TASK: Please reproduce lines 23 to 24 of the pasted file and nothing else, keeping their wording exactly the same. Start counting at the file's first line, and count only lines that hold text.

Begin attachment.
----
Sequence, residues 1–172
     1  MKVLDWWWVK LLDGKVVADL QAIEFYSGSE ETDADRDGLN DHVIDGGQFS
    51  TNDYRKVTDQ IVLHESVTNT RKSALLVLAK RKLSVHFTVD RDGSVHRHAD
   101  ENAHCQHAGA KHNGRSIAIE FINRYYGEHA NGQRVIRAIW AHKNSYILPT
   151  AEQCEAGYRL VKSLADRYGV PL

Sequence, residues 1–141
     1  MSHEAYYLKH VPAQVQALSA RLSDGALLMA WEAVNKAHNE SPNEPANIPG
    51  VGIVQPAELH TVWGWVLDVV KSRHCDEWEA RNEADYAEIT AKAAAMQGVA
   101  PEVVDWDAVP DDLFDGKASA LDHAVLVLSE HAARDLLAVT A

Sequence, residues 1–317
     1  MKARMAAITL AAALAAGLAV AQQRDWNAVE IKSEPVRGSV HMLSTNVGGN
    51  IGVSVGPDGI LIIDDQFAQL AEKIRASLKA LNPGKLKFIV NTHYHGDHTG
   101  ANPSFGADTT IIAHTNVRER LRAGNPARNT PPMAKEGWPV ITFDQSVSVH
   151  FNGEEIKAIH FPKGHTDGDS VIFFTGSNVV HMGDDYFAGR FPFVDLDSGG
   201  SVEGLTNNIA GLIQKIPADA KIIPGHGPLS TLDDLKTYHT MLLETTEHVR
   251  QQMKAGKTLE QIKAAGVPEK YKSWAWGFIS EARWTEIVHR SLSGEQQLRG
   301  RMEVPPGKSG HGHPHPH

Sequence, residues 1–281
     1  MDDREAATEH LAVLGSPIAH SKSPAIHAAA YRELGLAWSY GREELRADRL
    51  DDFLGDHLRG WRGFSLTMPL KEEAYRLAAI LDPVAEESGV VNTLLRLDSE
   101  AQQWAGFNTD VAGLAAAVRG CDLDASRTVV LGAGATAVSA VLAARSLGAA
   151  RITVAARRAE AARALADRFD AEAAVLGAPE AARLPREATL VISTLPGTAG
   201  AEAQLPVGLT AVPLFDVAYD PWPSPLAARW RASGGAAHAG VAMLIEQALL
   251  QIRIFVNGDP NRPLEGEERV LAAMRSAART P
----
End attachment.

   201  AEAQLPVGLT AVPLFDVAYD PWPSPLAARW RASGGAAHAG VAMLIEQALL
   251  QIRIFVNGDP NRPLEGEERV LAAMRSAART P